Wednesday, November 24, 2010

More Millage Math

NOTICE: If you read this article prior to January 8, 2011, the calculations I had performed showing the effective percentages increases of various levy amounts were incorrect. An updated chart has been posted, and the numbers in this article have been corrected, as shown by strikethroughs. I apologize for my error.

First, allow me to begin by saying "Thank you" to all the members of the community who participated in the Breakfast with the Board last Saturday. There were great questions and lively discussion, lasting well past when the session was formally concluded. Most of the conversations were about the cost of running our school district, what Ohio's budget crisis is going to mean to school funding, and how large the next levy will be.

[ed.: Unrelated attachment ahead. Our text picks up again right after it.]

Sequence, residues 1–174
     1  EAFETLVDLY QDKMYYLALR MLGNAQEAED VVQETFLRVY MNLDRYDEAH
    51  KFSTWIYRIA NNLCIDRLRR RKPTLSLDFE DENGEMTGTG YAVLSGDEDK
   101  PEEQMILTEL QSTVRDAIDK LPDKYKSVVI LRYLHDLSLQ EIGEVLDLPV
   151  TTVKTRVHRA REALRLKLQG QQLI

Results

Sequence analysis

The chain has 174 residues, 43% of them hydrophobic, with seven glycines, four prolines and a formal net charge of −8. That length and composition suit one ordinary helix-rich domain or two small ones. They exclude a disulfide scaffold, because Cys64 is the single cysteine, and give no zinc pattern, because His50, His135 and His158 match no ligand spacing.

I hope two things were achieved during this meeting:  1) that folks learned some things about school economics that they didn't know before; and, 2) that the members of the Board heard how much the people of our community love their schools, yet are still concerned about the ever-increasing financial burden of funding its operations.

We are rapidly nearing the time when the School Board will need to vote on the two resolutions required by law to put a levy on May ballot. There is a regular School Board on Dec 13 (@ Horizon), then the next two will be Jan 10 and Jan 24. The first of those resolutions will likely be on the agenda on Jan 10, and the final resolution on Jan 24, in order to meet the deadline for filing with the Board of Elections.

I've recommended to my fellow School Board members that we schedule a working session soon for the sole purpose of having an in-depth examination and discussion of various funding and spending scenarios, leading to the selection of the millage rate that will be on the ballot. I have also recommended that the Audit & Accountability Committee be invited to participate in this discussion, allowing the School Board to benefit from their talent and wisdom, especially since they have spent the last two years working hard to understand the economic underpinnings of public schools.